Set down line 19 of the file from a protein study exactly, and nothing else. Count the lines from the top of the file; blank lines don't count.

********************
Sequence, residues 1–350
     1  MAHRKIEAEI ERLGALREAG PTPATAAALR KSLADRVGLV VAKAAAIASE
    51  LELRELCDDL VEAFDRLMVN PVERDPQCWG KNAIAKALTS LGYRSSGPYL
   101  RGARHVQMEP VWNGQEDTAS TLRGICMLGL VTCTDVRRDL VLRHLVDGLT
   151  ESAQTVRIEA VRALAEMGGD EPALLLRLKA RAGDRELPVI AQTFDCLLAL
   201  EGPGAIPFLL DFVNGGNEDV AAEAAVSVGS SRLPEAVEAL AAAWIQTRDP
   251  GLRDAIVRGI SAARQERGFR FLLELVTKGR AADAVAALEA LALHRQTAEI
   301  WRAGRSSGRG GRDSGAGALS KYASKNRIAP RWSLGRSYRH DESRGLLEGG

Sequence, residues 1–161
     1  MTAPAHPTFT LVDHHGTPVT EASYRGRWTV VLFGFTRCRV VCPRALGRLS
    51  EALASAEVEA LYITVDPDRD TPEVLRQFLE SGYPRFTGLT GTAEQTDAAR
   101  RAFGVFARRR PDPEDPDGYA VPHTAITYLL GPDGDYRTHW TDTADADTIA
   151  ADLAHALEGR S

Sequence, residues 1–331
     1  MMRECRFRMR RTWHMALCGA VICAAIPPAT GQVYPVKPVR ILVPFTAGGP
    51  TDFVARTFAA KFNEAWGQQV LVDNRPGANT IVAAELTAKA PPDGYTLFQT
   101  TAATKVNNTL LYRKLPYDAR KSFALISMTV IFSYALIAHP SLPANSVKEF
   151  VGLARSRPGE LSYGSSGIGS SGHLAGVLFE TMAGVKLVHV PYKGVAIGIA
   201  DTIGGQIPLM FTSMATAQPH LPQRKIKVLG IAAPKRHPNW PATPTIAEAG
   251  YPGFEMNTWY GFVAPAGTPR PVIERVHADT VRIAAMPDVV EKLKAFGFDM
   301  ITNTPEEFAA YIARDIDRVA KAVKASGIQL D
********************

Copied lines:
   201  DTIGGQIPLM FTSMATAQPH LPQRKIKVLG IAAPKRHPNW PATPTIAEAG